CONCERNS remain over the operators of a Skye care home that could have its registration suspended after 10 residents died from Covid-19, a court has been told. 

Roddy Dunlop QC appeared via video link at Inverness Sheriff Court on behalf of Social Care and Social Work Improvement Scotland, which is pursuing the legal action against HC-One, operators of the Home Farm premises. 

The case was launched in March after it was revealed 10 residents had died at the care home amid the outbreak, while 30 others and 29 staff have tested positive for Covid-19 at the facility in Portree. 

Mr Dunlop submitted a motion before Sheriff Eilidh MacDonald on Wednesday, which aims for remaining concerns to be addressed by the firm, with an option to come back to the judge in two weeks seeking to strip it of its licence if this is not done. 

The lawyer said: "I'm happy to recount improvements at the home, my lady, but it would be wrong for me to suggest that the concerns of the pursuer had been completely allayed. 

READ MORE: Coronavirus: Court case against Skye outbreak care home continued

"In particular, my lady, it is the sense of the pursuer's inspectors that to an extent the improvements are a result of and indeed contingent on the intervention of NHS Highland. 

"It is known for obvious reasons the intervention of NHS Highland will not and cannot last forever. 

"There will come a point in time - and it is anticipated that may be soon - at which NHS Highland require to depart."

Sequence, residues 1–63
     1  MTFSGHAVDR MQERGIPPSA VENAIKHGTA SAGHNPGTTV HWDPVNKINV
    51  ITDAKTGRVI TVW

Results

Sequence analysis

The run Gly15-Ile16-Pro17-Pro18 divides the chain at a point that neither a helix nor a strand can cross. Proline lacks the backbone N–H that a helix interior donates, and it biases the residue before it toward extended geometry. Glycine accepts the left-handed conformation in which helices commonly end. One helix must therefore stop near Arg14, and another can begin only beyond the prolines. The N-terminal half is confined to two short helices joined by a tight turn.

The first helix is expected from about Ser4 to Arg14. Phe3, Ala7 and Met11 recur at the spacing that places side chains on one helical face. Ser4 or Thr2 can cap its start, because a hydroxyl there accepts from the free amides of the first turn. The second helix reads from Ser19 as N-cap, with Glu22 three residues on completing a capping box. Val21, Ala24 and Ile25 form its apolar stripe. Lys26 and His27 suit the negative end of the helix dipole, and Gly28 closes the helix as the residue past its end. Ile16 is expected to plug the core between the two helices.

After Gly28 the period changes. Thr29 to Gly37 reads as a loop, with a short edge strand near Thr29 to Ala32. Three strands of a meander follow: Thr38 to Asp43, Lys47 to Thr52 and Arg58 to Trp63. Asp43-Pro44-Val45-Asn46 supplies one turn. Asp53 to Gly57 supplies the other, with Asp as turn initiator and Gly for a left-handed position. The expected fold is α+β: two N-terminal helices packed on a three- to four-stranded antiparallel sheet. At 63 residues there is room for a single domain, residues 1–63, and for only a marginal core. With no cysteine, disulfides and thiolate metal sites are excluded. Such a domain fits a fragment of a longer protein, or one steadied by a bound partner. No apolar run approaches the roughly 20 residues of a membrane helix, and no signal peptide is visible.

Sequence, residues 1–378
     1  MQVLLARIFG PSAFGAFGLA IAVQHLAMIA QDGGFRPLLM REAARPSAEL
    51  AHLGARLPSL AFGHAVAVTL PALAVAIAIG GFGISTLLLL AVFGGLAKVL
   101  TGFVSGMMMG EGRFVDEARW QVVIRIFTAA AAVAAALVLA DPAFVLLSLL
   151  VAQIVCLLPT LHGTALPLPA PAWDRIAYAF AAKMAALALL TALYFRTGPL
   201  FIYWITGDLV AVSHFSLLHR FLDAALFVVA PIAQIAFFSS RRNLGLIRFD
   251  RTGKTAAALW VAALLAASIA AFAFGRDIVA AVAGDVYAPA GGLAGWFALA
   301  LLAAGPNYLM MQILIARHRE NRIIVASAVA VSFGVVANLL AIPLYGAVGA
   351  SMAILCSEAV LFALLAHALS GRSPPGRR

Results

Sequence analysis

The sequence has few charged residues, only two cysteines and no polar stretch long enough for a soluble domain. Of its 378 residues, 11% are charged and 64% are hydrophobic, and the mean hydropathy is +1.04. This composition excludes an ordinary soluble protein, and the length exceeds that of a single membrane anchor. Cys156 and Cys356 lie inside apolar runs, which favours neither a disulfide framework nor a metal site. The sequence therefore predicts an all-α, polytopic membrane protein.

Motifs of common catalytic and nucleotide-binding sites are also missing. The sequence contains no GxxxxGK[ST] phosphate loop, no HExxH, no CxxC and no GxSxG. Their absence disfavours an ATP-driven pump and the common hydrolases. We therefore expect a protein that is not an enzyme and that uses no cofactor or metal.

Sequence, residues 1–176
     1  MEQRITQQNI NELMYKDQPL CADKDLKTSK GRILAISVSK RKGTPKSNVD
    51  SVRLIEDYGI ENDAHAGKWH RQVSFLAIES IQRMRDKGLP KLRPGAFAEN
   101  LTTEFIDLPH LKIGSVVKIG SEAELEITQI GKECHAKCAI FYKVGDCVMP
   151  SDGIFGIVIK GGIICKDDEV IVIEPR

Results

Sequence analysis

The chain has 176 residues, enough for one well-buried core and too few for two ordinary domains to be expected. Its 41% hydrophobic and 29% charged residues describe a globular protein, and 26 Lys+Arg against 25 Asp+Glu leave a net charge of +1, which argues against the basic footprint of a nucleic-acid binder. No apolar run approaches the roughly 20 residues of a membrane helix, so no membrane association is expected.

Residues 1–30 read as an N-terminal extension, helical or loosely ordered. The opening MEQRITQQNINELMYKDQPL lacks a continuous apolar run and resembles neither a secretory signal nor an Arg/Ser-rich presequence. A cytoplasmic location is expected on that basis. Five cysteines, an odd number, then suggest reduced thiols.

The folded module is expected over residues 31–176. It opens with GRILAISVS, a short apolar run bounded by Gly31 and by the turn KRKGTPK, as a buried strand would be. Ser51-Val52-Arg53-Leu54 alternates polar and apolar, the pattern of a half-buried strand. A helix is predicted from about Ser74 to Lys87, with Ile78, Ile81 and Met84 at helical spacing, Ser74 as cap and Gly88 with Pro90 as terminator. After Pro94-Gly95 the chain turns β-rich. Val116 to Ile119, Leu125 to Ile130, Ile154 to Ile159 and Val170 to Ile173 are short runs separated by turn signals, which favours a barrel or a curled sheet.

He added: "The concern on the part of the inspectorate is that a robust system with particular emphasis on management is in place for the departure of NHS Highland in order that there will be no reoccurence of the problems that led to the application being made in the first place." 

Mr Dunlop then submitted a motion to allow a further two weeks so "robust systems" could be put in place which address the remaining concerns. 

The case first came to the court on May 20 when it was decided there would be three weeks of inspections and collaboration with other stakeholders to see if problems at the premises could be rectified. 

Peter Gray QC, representing HC-One, did not oppose the motion for the matter to continue for another two weeks but rejected suggestions about the reason for the improvements. 

He said: "I do wish to make it clear that I reject entirely the suggestion made by my learned friend that the improvements that have been made to date at Home Farm are due essentially to the efforts of NHS Highland, rather than those whom I represent." 

The lawyer told the court he will provide evidence improvements that have been made are due to collaboration when the case next calls. 

Ms MacDonald continued the matter until June 24.